ZX Spectrum 48K motherboard (Issue 3B — 1983, heat sink removed)
The Spectrum is based on a Zilog Z80 A CPU running at 3.5 MHz (or NEC D780C-1 clone). The original model has 16 KB (16×1024 bytes) of ROM and either 16 KB or 48 KB of RAM. Hardware design was by Richard Altwasser of Sinclair Research, and the outward appearance was designed by Sinclair's industrial designer Rick Dickinson.
Video output is through an RF modulator and was designed for use with contemporary television sets, for a simple colour graphic display. Text can be displayed using 32 columns × 24 rows of characters from the ZX Spectrum character set or from a set provided within an application, from a palette of 15 shades: seven colours at two levels of brightness each, plus black. The image resolution is 256×192 with the same colour limitations. To conserve memory, colour is stored separate from the pixel bitmap in a low resolution, 32×24 grid overlay, corresponding to the character cells. In practice, this means that all pixels of an 8x8 character block share one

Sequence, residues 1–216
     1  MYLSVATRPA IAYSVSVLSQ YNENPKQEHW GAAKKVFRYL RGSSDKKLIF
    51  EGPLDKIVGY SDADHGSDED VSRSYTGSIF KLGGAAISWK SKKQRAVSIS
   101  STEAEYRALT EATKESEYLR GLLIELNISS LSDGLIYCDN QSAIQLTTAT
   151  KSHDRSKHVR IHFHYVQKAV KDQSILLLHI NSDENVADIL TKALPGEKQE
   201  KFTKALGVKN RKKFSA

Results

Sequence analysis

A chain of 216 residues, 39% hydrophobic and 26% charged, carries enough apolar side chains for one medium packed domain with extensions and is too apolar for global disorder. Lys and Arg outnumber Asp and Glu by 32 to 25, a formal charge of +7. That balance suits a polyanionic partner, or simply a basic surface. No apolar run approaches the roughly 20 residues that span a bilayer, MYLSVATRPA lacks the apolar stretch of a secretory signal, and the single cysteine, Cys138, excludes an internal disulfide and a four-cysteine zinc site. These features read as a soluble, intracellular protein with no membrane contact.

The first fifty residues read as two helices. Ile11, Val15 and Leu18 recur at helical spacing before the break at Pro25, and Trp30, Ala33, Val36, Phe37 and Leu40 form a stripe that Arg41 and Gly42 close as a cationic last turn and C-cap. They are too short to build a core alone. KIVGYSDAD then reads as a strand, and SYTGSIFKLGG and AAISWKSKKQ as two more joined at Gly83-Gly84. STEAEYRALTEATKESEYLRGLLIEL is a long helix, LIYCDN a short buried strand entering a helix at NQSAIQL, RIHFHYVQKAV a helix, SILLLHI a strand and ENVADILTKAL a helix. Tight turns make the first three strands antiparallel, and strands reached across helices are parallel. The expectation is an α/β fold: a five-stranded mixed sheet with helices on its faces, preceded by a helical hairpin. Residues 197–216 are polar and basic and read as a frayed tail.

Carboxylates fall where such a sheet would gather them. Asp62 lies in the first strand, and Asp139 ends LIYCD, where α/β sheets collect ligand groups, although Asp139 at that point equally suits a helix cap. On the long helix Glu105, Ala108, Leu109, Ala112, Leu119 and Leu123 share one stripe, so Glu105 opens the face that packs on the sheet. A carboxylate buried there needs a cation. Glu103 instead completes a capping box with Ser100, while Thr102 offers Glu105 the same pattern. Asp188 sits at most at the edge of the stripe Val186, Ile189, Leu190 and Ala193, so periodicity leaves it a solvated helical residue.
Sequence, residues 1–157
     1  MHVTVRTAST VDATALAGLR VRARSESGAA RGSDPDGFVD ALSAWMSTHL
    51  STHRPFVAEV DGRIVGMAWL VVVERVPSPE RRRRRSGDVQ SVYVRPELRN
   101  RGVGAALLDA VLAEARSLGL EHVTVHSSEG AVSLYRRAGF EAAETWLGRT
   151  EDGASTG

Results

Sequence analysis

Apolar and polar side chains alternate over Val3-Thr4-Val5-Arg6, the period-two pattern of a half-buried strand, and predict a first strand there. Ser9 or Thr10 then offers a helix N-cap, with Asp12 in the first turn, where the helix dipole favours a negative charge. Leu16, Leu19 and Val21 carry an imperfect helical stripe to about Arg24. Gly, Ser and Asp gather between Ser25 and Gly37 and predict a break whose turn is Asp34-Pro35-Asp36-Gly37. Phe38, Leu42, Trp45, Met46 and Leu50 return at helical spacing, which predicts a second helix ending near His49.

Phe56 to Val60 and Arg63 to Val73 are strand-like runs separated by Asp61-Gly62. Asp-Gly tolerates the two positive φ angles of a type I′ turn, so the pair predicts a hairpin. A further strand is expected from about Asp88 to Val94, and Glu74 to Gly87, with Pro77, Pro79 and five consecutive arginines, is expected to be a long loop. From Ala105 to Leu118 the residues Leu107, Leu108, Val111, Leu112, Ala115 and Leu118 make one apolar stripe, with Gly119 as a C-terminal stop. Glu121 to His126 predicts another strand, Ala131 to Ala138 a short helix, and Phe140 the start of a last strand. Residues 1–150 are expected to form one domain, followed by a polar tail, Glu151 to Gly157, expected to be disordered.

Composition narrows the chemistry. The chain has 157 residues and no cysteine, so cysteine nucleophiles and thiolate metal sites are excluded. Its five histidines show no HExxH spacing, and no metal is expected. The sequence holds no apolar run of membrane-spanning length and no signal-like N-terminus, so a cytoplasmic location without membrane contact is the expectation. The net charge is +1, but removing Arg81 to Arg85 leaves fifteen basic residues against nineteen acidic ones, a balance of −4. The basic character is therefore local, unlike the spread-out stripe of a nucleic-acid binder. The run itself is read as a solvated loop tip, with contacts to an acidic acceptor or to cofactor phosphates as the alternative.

foreground colour and one
background colour. Altwasser received a patent for this design.
An "attribute" consists of a foreground and a background colour, a brightness level (normal or bright) and a flashing "flag" which, when set, causes the two colours to swap at regular intervals. This scheme leads to what was dubbed colour clash or attribute clash, where a desired colour of a specific pixel could not necessarily be selected. This became a distinctive feature of the Spectrum, meaning programs, particularly games, had to be designed around this limitation. Other machines available around the same time, for example the Amstrad CPC or the Commodore 64, did not suffer from this limitation. The Commodore 64 used colour attributes in a similar way, but a special
multicolour mode, hardware sprites and hardware scrolling were used to avoid attribute clash.
Sound output is through a beeper on the machine itself, capable of producing one channel with 10 octaves. Software was later available that could play two channel sound. The machine includes an expansion bus edge connector and 3.5 mm audio in/out ports for the connection of a cassette recorder for loading and saving programs and data. The "ear" port can drive headphones and the "mic" port provides line level audio out which could be amplified.
It was manufactured in Dundee, Scotland, in the now closed Timex factory.